Beemused: A Blog

Yellowjackets - again

12th June 2007

Yellowjackets - again

This morning as I was feeding Elizabeth I saw another yellowjacket hanging about. It landed on the syrup container that is part of the feeder, apparently finding drops of syrup on the outside (there is always a bit of spillage when opening and closing the feeder). A few of the girls came over to investigate, and the yellowjacket took off. It headed toward the shed in the driveway, but there are overgrown stone walls that are probably irresistible to yellowjackets all around the driveway, so it could be nesting anywhere.

So far I’ve seen no evidence of damage to the hive, no bee fragments or even dead bees. Still, I’m concerned - I have 10’s of thousands of dependents to worry about! This weekend we’ll have to try the meat-baited traps for the yellowjackets.


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11th June 2007

Article on Nectar, and Bee Update

I have just found this article on nectar, and it’s very informative- a pretty interesting insight into what the plants are doing, and what our bees are after when they do it. Cool!

And our bees are encountering a bit of a problem: yellow jackets. Justin has been reading up on wasps vs. honeybees, and we put the entrance reducers back in the hives a few days ago to help the girls fight off any such invaders. This morning, he also helped by squishing one with a stick! The narrowed hive entrance does seem to help the girls be able to defend the hive- rather like a fortress- and I’m going to look into some of the metal entrance bars and see if there are any that allow bees to pass but not the larger wasps. The smaller entrance will unfortunately make it harder for the girls to cool off the hives in summer’s heat- but our bottom boards have a layer of mesh with a plastic plate underneath (mainly for mite control approaches), and we can remove the plastic when it gets really warm. The other thing that helps is cracking the cover of the hive, though, and that would give the wasps another place to enter. Another thing to research, it seems!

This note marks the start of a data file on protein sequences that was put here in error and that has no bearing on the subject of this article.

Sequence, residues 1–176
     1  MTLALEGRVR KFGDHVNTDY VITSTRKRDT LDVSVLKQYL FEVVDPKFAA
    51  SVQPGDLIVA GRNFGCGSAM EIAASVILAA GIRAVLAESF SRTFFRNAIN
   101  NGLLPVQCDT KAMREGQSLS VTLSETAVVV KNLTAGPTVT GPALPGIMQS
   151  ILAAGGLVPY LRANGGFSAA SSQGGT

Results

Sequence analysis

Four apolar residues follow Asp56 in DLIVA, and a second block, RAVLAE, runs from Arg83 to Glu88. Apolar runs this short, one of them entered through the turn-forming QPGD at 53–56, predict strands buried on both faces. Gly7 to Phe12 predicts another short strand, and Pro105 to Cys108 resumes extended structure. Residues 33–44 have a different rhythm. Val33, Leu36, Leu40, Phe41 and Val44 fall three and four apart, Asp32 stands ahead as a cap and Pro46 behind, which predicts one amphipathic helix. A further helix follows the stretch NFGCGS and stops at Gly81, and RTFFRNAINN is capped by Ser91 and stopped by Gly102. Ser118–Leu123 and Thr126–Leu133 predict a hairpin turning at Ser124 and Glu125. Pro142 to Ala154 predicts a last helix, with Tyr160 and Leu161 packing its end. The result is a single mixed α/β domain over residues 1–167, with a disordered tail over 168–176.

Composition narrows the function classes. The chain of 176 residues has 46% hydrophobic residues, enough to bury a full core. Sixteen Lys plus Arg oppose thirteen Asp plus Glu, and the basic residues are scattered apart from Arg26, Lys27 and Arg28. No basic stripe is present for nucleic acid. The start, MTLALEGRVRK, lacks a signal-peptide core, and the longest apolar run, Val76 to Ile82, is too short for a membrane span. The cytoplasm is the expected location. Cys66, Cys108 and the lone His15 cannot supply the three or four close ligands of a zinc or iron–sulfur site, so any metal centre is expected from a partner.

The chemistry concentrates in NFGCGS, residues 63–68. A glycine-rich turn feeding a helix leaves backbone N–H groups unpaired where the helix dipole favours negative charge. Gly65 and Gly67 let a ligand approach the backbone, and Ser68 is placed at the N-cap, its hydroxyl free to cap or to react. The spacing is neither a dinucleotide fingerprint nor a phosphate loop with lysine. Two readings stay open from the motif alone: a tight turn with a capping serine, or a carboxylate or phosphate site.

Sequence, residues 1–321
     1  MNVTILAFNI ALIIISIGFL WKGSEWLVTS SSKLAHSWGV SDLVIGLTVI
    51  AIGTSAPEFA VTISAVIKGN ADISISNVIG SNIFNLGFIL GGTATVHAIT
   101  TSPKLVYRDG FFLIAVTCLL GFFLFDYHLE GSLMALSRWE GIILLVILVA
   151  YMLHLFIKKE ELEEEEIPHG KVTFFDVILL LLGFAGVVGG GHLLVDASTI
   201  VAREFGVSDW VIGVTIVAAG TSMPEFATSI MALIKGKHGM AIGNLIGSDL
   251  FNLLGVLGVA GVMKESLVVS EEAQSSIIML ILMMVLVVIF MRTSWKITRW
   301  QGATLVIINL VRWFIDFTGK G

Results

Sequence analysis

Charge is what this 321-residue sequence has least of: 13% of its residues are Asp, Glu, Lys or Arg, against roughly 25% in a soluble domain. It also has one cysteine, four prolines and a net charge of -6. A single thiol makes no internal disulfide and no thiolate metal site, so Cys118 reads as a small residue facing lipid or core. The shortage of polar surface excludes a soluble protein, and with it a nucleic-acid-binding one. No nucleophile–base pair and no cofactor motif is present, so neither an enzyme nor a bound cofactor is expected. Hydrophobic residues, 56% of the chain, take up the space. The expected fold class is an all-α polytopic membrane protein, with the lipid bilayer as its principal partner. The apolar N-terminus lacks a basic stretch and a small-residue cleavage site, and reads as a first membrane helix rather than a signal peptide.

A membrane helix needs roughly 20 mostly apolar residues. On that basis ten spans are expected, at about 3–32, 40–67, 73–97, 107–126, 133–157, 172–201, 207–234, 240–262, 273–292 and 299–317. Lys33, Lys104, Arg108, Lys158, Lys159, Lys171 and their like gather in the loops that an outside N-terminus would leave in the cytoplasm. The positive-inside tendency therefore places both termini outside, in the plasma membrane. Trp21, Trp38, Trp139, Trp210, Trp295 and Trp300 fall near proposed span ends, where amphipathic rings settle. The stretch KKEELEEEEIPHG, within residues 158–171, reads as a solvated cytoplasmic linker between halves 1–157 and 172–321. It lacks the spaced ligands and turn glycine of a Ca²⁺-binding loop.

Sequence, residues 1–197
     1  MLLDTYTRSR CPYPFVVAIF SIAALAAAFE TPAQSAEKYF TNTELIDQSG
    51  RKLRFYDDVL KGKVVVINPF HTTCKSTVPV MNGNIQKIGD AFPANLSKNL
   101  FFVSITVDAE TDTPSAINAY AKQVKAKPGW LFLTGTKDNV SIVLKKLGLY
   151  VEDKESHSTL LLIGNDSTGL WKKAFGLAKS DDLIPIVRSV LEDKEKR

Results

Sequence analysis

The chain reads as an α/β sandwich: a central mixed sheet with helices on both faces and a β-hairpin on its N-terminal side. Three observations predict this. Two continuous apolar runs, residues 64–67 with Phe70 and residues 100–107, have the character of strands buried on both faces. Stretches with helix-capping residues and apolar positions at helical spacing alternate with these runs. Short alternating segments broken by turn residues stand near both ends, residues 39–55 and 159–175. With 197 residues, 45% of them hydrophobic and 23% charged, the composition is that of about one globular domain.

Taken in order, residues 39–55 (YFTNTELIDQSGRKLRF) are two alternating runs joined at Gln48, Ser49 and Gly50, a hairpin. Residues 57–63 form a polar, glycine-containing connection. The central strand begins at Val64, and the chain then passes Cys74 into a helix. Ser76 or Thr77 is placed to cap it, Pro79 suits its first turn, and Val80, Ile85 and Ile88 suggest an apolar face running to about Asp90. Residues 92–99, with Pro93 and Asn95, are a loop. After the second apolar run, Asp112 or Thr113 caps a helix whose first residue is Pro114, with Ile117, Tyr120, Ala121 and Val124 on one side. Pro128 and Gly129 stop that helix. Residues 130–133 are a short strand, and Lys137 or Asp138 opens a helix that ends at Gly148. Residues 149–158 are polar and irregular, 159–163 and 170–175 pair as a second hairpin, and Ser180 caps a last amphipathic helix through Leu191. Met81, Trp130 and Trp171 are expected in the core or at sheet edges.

We haven’t been in the hives except for the quick check for viable brood in a couple of weeks now, between uncooperative weather and various other things in our lives. Fortunately, the bees tend to prefer it that way… Still, I’d like to check several frames per hive soon! Maybe tomorrow night, assuming we have some weather cooperation at last.


8th June 2007

Mary is a bit more feisty

I’ve noticed that when I fill the syrup containers Elizabeth and Susan are pretty mellow, while Mary starts getting somewhat agitated.  This may be because I usually start with Elizabeth, then proceed to Susan, and finish up with Mary, and she’s feeling a bit miffed at being last again.  Or it may be because Mary tends to get the sun first and so her bees are more wide awake and loaded for bear (I’m not a bear!  Really!).   In any case, Mary always makes me glad I’m wearing my veil!

In any case the girls are going through syrup at a good pace and have just about finished the pollen substitute that we started them off with.  We’ll add another slab of pollen substitute when we look in on the 2nd level hive bodies.


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3rd June 2007

Pictures! Second Hive Inspection (5-28-07)

Pictures! There are more under the cut.

Elizabeth: Second Inspection Elizabeth: Second Inspection
We only pulled one frame from each hive this time, because we were just checking for brood. And we found it! You can see here 3 types of cells in the honeycomb: the white ones in the upper left corner are capped “honey” (because in this case it’s almost entirely sugar syrup), ready to be used to nourish the babies; the cells right below it are partially full of more syrup, of which the bees evaporate most of the water before they cap it as above; and the rest- the golden, matte-textured cells (called “capped brood”)- each contain a bee in pupal stage. The darker golden cells amongst the capped brood mostly contain bee larva food and growing larvae. Read the rest of this entry

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